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Discussion Starter · #12 ·
Thats sucks, i always drive with the "recirculate button" closed and the fan on. So much for fuel economy :banghead:
Does the GMC Acadia do the same thing?
 

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I always drive with the fresh air coming in. I like to think that it will stay "fresher" in the vehicle that way.
 

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I guess this is a difference between Europe and US GM cars. Every GM car I have ever had until my Astra had the AC come on when the recirc is on. On my Astra, I can recirc the air without the AC compressor coming on. It's kind of nice because I sometimes cycle the AC off when I am accelerating, and I leave it on recirc so I don't bring in the hot air from the outside. With 138 HP and a manual transmission in my Astra, I can feel a significant drain on the engine when the AC is on.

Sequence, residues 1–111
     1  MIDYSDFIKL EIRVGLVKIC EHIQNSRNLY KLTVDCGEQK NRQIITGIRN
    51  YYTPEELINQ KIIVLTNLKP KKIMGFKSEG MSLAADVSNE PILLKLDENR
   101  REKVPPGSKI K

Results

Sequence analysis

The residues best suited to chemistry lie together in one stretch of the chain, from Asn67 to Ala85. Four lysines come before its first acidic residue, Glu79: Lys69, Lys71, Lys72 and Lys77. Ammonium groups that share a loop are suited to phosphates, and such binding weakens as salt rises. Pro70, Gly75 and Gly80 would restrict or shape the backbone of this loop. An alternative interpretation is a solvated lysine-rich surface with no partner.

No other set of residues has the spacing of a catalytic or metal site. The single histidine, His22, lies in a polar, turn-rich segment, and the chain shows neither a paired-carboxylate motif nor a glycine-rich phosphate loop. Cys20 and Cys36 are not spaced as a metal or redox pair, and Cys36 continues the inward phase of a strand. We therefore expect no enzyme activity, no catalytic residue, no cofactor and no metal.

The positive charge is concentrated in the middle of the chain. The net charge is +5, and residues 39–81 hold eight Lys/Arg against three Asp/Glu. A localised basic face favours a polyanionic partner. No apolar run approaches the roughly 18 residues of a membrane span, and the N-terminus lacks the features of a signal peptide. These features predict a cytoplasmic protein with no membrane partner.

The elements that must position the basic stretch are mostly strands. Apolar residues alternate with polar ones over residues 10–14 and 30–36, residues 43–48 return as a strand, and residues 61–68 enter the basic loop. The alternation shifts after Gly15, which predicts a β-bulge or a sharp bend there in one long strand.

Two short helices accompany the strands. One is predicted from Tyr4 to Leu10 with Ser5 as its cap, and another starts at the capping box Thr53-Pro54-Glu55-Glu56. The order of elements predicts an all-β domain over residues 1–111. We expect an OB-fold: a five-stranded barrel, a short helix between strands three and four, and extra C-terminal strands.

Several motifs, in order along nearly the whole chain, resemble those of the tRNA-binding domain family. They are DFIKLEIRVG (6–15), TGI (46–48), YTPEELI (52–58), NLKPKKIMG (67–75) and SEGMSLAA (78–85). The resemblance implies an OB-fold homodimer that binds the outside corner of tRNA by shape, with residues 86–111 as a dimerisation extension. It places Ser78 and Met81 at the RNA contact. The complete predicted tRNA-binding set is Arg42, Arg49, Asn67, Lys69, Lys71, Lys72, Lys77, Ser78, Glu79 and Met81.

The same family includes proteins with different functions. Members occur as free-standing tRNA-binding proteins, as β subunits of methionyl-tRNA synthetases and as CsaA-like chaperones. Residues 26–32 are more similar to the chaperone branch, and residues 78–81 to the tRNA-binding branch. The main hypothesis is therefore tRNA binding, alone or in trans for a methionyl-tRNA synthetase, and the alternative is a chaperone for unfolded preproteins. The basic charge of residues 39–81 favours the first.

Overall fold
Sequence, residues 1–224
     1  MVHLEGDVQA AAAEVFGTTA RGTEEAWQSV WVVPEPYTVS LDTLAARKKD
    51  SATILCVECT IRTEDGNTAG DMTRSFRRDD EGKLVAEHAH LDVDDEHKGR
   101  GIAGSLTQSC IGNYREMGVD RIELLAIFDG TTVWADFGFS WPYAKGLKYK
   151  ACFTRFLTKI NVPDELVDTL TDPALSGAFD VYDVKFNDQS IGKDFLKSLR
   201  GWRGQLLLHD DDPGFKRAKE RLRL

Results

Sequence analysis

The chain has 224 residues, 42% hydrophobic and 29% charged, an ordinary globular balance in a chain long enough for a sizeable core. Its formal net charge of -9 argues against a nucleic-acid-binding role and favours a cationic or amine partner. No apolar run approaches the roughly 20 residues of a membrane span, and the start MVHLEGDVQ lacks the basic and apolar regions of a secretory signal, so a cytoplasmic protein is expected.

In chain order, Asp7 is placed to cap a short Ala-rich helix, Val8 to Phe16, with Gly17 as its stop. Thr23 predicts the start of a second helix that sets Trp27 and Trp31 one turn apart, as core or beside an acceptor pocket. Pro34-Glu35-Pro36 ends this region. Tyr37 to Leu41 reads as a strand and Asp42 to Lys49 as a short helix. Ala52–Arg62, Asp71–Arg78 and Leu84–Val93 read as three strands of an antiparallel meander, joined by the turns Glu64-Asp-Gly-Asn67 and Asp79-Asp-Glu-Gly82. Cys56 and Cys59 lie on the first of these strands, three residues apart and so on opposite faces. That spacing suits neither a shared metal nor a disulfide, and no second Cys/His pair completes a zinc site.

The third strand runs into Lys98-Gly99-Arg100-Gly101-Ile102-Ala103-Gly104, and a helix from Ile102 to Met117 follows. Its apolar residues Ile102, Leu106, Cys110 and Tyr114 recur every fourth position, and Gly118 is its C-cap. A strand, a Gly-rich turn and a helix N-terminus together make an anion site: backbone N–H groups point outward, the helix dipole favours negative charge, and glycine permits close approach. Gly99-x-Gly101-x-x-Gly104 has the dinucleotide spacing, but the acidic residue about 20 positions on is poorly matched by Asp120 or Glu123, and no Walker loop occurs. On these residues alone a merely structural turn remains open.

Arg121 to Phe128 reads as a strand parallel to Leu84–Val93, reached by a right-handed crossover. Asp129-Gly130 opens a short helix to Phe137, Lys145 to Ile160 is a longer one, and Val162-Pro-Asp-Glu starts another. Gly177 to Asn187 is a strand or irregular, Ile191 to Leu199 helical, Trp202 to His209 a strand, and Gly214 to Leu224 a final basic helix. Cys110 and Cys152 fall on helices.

With the nearly 300 HP in the Traverse, there is no perceivable difference in the load on the engine with the AC on.
 

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RJ45 - I've got a phone number that might help your problem. Just dial 976-exorcist. Hope this helps. :thumb:
 

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I have a question. As we know, if the recirculate button is lit then the A/C compressor is working, explains why I would turn off the A/C button but the air was still cold. So the question is, if the circulate button is lit, why does it allow you to turn the A/C button on and off? Does it make a difference if the A/C button is on or off when the recirculate button is on? ???
 

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the AC compressor will come on if the recirc button is pressed... regardless of the AC button is off...
 

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My old, old 1993 Chevy Cavailer used to have a light for when the A/C was on. Even when you selected defrost, the A/C light would illuminate. I always liked that idea. That way you always know when the A/C compressor is running, or SHOULD be running.